Antitrust amnesty: new regime to go online soon

kenya

Kenya to become latest competition jurisdiction with cartel leniency scheme

As Mugambi Mutegi of the Business Daily reports, Kenya is the latest antitrust jurisdiction to embrace a self-reporting leniency programme.

Mr Wang’ombe Kariuki, director of the CAK

Self-reporting of “hard-core” competition-law offences (such as price-fixing cartel conduct, market division, bid rigging, or group boycotts among horizontal competitors) has long been a staple of antitrust enforcement in the most developed jurisdictions, including the United States and the European Union.  In South Africa, cartel-whistleblowing leniency has just passed its 10th anniversary, and in the EU, the European Commission’s “Notice” on the non-imposition of fines in certain cartel cases (i.e., the EU’s leniency regime) recently celebrated its 18th birthday — nowadays, more than 75% of the EC’s cartel matters are uncovered thanks to one or many cartel members “snitching” on their counterparts, in exchange for full or partial amnesty from antitrust prosecution and attendant fines.

The Competition Authority of Kenya (CAK) has recently upped its rhetoric, threatening criminal sanctions against various business sectors’ potential cartel members and disputing jurisdiction of the multi-national, but still feeble, COMESA competition authority in merger cases.

In Africa, Kenya (AAT archive on CAK issues here) is now becoming a new member of the “Leniency Club”, rewarding whistleblowers with eased penalties for volunteering relevant tips and information on the workings of the cartel.  The CAK is acting to implement the provision of the Kenyan Finance Bill 2014, which allows it to terminate cartel investigations with lighter punishment for whistleblowers, all the way to a full pardon.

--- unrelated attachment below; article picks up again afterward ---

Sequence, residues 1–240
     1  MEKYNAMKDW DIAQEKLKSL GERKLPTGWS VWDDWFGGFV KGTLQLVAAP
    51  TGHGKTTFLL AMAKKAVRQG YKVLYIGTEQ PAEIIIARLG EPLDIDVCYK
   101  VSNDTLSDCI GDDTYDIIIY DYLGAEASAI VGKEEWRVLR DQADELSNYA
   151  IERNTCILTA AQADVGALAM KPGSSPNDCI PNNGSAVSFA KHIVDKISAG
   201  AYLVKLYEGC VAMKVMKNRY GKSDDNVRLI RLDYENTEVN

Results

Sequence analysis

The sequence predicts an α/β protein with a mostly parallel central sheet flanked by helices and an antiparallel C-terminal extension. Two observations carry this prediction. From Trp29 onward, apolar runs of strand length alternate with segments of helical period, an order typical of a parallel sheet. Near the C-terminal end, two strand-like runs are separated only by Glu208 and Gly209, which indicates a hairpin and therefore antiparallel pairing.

“The Authority (CAK) may operate a leniency programme where an undertaking that voluntarily discloses the existence of an agreement or practice that is prohibited by the Competition Act and co-operates…in the investigation of the agreement may not be subject to all or part of a fine…”

The agency’s web site — which otherwise (unusually) refers to the Business Daily article quoted here, instead of issuing its own press release — tersely provides as follows:

Cartel firms get amnesty in new CAK regulation

The competition regulator has drafted a law that will see whistleblower companies and their directors get off with lighter punishment for volunteering information that helps to break up cartels.

The Competition Authority of Kenya (CAK) says introduction of this law, which is already in the Finance Bill 2014, will attract informers that can help to bust unlawful business agreements between cartels and other secretive pacts that facilitate anti-competitive behaviour.

Whistleblowers whose evidence leads to the successful termination of such agreements and punishment (fines and jail sentences) of the participants will either get reduced fines or full pardon.

The CAK’s Director General, Francis Wang’ombe Kariuki, is quoted as saying that the authority’s is merely awaiting Parliament’s amendment of the law, and that “[t]he settlement policy we have drafted includes offering leniency to the directors of companies who come forward individually or as a group to report on cartels or unlawful business pacts“.

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